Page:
Shoulder tendonitis treatment options
Non-surgical treatment of tendinitis in the biceps (long head)
Episodes of inflammation can be treated nonsurgically using traditional methods:
- Cortisone injection
Surgical treatment of tendinitis in the biceps (long head)
Surgical treatment of disorders of the long head of the biceps is reserved for chronic pain issues from a partial tendon tear. It consists in treating the tear at the point of attachment to the superior labrum (tenotomy) and, possibly, reinsertion of the biceps tendon onto the humerus (tenodesis). This type of procedure can be combined with rotator cuff repair surgery, since a tear in the long head of the biceps is frequently accompanied by a rotator cuff tear; observation of a long head biceps tear should therefore alert us to this second diagnosis.
Treatment of a spontaneous rupture of the biceps at the shoulder (long head)
The long head of the biceps can detach spontaneously at the shoulder, usually after physical exertion. The patient will often hear a popping sound and see bruising or notice that that biceps muscle is “drooping” toward the elbow. The long biceps is a secondary tendon and detachment is rarely disabling if the rotator cuff is unaffected. There is no need to repair it, therefore, because the only real disadvantage is the appearance of the arm, and surgery could cause further damage.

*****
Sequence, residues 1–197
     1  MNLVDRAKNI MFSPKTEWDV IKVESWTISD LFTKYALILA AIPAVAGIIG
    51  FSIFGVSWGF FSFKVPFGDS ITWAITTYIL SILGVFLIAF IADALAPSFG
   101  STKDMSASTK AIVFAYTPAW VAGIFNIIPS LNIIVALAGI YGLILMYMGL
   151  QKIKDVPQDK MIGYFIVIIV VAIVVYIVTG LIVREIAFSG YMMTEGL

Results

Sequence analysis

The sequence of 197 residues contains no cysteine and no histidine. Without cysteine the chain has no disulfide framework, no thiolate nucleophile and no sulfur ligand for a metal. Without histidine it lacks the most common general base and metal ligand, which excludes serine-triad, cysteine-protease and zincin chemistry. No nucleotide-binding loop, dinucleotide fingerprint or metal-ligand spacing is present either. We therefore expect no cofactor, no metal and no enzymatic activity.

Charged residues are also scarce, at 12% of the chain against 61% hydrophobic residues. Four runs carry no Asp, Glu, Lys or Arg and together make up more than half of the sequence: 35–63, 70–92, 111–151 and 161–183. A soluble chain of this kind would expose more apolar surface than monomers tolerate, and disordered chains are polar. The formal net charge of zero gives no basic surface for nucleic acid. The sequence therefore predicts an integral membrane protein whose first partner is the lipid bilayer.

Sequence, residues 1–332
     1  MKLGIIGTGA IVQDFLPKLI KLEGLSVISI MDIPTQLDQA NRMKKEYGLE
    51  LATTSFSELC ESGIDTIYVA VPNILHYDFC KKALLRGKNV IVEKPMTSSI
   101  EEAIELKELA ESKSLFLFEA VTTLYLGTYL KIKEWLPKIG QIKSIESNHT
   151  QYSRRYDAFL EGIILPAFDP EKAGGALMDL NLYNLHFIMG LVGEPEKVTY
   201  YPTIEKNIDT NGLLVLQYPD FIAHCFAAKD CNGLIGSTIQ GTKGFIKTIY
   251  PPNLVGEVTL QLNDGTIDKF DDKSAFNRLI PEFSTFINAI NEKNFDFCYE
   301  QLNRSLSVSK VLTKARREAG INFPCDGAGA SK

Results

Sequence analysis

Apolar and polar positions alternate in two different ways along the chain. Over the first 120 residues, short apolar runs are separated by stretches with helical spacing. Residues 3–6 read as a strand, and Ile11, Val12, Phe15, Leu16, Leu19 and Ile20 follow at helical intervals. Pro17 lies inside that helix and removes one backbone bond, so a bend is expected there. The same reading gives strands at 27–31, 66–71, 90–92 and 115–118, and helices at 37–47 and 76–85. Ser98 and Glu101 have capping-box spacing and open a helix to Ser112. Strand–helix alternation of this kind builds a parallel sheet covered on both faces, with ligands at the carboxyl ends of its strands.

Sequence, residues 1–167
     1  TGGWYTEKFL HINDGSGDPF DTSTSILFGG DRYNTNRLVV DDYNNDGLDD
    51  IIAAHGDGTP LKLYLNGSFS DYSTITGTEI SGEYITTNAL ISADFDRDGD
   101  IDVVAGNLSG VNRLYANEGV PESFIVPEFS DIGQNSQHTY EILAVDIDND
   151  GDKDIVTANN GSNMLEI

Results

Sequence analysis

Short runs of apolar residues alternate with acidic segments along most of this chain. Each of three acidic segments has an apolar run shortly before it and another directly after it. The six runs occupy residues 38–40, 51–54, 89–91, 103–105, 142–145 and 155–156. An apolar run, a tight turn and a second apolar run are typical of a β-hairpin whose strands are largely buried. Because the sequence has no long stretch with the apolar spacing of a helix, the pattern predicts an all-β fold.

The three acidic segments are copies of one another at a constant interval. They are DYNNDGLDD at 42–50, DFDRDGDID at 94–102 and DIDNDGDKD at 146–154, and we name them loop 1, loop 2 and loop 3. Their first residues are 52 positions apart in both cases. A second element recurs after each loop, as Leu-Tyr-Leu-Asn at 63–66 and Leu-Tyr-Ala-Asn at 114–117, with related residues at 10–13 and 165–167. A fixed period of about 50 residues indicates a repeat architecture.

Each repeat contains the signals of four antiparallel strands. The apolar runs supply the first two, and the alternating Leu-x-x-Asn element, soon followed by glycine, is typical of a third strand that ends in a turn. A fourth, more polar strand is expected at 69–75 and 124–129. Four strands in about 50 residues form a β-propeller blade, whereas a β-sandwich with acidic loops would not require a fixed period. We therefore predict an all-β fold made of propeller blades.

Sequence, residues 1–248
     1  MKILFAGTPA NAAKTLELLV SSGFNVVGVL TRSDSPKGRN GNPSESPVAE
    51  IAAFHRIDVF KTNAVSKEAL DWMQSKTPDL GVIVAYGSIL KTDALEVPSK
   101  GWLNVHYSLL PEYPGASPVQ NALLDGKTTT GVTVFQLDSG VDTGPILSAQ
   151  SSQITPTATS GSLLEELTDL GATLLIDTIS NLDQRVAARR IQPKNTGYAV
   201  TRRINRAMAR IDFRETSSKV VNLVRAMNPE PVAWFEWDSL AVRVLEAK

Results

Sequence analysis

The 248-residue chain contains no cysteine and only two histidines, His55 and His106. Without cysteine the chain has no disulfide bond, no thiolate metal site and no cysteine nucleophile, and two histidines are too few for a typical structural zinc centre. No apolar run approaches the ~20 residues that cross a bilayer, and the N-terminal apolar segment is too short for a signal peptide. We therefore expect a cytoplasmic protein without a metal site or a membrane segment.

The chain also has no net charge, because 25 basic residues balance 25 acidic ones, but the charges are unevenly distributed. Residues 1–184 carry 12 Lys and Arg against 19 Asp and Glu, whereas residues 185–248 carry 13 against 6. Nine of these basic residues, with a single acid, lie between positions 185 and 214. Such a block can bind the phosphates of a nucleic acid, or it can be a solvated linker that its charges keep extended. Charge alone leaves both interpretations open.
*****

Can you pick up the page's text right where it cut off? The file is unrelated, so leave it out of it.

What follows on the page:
Many professional athletes have torn the long head of the biceps and never had surgery. A shining example in sports medicine is the former NFL star quarterback John Elway, who won two Super Bowls after a tear in the long head of the biceps in his dominant arm. It was not treated surgically, and he even boasted that his ability to throw was improved after the injury!
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Five months after my operation, despite the severity of my wound, I am again able to ride a bike without difficulty or pain. I had an impeccable and attentive follow-up from Dr. Beauchamp. Thank you!